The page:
Knowledge(s), culture and African philosophy: an introduction
CITATION: Waghid, Y. 2016. Knowledge(s), culture and African philosophy: an introduction. Knowledge Cultures, 4(4):11–17.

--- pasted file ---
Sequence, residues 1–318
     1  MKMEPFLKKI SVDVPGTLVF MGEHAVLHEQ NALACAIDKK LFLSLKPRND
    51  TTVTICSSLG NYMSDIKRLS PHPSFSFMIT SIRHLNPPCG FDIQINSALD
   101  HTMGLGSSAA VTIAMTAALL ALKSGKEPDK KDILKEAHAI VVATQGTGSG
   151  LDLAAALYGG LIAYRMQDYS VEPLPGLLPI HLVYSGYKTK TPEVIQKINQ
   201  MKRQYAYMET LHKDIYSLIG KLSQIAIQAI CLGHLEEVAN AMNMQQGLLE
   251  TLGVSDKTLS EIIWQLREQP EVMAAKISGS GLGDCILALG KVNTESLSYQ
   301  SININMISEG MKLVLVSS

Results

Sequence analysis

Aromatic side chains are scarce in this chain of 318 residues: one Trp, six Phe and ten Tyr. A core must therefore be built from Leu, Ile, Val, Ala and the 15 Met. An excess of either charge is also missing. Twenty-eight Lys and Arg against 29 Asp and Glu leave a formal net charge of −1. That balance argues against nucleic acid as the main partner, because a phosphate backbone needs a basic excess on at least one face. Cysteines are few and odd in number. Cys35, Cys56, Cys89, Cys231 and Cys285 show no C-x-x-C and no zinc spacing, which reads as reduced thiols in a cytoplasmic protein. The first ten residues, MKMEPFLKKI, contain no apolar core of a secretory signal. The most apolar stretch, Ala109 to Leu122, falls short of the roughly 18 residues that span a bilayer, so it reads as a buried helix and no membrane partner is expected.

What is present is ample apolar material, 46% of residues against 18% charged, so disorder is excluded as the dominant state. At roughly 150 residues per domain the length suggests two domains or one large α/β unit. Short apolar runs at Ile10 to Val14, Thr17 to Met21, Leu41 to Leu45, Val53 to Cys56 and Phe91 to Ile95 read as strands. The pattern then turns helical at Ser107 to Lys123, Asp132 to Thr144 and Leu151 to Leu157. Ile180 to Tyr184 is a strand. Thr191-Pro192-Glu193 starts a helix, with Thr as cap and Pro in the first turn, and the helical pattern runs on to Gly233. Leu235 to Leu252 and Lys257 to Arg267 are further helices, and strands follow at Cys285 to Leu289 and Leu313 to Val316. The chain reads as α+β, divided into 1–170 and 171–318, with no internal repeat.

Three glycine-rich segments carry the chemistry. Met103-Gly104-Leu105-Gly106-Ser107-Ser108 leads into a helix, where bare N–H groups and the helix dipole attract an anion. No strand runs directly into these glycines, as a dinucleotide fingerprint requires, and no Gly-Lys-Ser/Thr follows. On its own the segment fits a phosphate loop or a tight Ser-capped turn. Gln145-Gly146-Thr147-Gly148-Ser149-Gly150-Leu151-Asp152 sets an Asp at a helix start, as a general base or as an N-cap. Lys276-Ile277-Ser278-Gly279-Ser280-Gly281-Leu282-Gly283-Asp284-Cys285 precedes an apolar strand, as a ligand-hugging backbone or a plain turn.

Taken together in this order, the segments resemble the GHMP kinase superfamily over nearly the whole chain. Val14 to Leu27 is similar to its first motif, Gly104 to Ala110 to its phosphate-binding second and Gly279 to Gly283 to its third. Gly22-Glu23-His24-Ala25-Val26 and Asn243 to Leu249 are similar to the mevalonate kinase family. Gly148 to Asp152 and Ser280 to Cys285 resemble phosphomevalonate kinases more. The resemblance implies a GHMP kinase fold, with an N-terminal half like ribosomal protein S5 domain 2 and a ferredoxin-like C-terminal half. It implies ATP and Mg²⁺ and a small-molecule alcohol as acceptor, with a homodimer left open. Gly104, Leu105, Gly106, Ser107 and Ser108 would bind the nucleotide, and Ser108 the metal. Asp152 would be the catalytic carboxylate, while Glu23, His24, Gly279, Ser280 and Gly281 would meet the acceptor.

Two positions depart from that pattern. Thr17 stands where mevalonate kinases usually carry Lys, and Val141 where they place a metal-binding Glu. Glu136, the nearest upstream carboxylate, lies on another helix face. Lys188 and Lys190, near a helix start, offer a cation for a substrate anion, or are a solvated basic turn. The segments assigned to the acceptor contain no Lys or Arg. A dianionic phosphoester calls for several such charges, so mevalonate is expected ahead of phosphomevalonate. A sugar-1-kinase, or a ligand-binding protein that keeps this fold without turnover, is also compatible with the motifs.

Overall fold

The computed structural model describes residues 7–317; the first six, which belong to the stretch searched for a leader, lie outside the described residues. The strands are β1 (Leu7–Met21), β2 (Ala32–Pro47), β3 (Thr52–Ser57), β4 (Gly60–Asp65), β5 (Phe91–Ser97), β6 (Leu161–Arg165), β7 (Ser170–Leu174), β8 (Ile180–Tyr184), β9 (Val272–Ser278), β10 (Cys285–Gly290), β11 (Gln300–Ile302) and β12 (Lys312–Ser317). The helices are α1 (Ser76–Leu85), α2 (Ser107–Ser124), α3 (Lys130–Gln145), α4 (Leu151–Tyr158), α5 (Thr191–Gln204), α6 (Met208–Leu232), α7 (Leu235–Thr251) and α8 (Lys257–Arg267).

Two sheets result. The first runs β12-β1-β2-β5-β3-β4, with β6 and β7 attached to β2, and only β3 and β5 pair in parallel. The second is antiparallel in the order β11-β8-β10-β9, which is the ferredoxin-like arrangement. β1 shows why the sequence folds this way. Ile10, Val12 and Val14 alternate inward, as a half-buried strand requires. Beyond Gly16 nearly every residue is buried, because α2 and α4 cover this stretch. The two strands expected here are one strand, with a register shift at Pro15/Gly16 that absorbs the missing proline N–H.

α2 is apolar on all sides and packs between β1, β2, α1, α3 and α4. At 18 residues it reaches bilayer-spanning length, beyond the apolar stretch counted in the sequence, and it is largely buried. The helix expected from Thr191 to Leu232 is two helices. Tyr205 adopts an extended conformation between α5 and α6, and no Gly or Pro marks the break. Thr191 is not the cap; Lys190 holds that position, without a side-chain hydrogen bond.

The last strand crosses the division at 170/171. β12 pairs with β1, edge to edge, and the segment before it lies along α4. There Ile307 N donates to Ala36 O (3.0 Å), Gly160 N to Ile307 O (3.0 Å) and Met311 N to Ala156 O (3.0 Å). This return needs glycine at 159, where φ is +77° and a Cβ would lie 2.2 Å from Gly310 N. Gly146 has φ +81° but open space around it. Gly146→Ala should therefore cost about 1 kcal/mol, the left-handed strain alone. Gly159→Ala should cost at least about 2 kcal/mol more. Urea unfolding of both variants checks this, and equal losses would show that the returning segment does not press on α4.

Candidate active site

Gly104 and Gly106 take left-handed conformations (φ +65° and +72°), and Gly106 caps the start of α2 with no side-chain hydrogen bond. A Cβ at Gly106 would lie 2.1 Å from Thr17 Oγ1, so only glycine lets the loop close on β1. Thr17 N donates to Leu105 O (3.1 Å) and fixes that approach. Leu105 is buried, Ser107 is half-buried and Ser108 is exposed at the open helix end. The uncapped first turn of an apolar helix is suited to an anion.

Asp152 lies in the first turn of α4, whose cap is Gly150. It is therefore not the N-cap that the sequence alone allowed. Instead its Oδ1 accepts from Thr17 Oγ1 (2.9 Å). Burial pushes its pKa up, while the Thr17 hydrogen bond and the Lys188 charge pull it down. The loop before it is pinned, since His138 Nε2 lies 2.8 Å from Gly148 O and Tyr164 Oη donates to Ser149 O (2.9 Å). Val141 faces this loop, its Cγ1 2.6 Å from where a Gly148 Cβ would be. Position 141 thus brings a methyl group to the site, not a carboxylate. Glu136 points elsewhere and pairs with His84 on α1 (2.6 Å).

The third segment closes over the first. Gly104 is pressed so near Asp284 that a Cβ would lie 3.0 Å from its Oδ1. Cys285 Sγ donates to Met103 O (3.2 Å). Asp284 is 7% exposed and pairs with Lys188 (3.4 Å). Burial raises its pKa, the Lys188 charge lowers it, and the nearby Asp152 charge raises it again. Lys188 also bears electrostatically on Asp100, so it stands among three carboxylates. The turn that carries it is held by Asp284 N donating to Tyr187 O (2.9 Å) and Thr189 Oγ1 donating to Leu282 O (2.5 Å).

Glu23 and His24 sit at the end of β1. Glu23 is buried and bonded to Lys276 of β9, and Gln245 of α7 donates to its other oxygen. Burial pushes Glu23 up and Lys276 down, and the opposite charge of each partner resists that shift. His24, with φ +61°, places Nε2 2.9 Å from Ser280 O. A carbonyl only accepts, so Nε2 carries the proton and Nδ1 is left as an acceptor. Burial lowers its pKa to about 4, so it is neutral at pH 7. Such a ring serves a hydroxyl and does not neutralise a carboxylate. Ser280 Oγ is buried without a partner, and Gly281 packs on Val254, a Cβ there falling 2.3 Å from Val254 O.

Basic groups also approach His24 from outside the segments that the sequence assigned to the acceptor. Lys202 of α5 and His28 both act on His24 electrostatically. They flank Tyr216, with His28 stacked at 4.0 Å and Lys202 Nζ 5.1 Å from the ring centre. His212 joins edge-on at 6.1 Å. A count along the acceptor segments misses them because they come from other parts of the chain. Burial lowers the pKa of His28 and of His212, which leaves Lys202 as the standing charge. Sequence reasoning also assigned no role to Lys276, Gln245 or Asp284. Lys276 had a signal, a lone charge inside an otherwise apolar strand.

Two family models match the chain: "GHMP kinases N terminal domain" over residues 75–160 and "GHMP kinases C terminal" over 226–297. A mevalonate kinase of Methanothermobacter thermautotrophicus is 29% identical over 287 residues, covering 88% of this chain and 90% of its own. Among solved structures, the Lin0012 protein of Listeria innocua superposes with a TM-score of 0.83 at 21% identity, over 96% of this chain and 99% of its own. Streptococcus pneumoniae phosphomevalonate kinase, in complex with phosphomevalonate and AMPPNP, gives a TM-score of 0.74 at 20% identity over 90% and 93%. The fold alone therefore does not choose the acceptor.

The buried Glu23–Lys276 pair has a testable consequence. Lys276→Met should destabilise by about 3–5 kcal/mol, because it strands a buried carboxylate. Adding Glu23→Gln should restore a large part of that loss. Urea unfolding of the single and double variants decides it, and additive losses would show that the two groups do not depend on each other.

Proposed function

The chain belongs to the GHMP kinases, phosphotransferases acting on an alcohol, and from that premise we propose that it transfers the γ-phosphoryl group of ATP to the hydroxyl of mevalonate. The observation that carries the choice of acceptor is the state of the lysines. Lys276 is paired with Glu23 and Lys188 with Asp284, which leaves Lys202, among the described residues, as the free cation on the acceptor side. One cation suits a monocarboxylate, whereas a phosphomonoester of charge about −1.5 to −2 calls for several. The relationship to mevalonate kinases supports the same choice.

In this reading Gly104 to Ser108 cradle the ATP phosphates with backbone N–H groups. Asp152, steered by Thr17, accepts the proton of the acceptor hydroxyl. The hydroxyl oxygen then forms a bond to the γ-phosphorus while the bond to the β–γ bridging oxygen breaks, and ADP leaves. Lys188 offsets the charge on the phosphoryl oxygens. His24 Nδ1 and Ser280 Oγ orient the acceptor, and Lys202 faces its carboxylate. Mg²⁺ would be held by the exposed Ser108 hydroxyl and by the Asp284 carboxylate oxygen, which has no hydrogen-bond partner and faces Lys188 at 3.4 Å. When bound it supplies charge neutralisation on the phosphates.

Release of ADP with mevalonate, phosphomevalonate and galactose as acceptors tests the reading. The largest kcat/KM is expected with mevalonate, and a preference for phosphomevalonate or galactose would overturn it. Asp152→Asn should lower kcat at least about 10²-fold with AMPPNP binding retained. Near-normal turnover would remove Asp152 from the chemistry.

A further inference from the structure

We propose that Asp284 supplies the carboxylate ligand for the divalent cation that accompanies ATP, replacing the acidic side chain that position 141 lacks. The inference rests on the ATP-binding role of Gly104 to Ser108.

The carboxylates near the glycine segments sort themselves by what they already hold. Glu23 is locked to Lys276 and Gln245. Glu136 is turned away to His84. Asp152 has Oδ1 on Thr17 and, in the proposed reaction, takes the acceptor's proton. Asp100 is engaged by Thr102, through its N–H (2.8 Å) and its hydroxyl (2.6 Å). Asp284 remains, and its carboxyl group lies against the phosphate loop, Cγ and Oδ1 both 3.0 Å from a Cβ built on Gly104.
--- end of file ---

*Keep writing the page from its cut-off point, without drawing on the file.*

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In a previous work, entitled African Philosophy of Education Reconsidered: On Being Human (Waghid, 2014), a defense is offered for the notion of African philosophy as a reasoned and culture-dependent concept on the basis that any philosophical genre cannot be devoid of reasonableness and dismissive of culture. The premise on which the latter claim is built is two-fold: Firstly, any form of philosophizing involves (and ought to do so) an aspiration towards the attainment of what can be conceived as being reasonably justifiable – that is, reasons are offered and amended to elucidate meanings that can be convincing to others in the inquiry; and secondly, meanings are (re)constructed and deconstructed on the basis of people’s cultural stock (a term I borrow from Jane Roland Martin, 2013) – that is, people’s images, attitudes, backgrounds, symbols and other ways of seeing things in the world. Thus, as a combination, reasonableness and culture determine what constitutes African philosophy. In this way, it would not be implausible to embrace explications of African philosophy that connect with the reasons people offer on account of their ethical orientations, indigenous perspectives, and/or sagacious utterances. This is what makes African philosophy a reasoned and culture-dependent practice. But then, as with any form of philosophy, African philosophy foregrounds culture in so far as it provides the notion of knowledge with a distinctive form in relation to what Africa has to offer. Put differently, knowledge(s) are a manifestation of the ways in which philosophy organizes cultural understandings on the African continent. This article examines at least three ways in which culture is organized through an African philosophical discourse, and how knowledges are manifested in the practices of people on the continent: Firstly, African philosophy guides cultural practices in accordance with practices of communal interactions – that is, Ubuntu (human interdependence); and, when Ubuntu is under threat, ethnic conflict, political tension and strife seem to hold sway. Secondly, African philosophy orientates people towards an appreciation of an ethical life and, when the latter is tangibly at risk, destruction is perilously imminent; and thirdly, African philosophy inclines people towards some higher good, and when the latter is visibly absent, religious conflict seems to be hazardously omnipresent. My understanding is that Ubuntu, ethics and an inclination towards a higher good are cultural practices that give knowledge, as understood by Africans, a distinctively reasonable form. In short, the reasonableness of African knowledge(s) is guided by an appreciation of Africans’ cultures. And, when these cultures are at risk, the potential exists that African knowledge(s) will become misguided.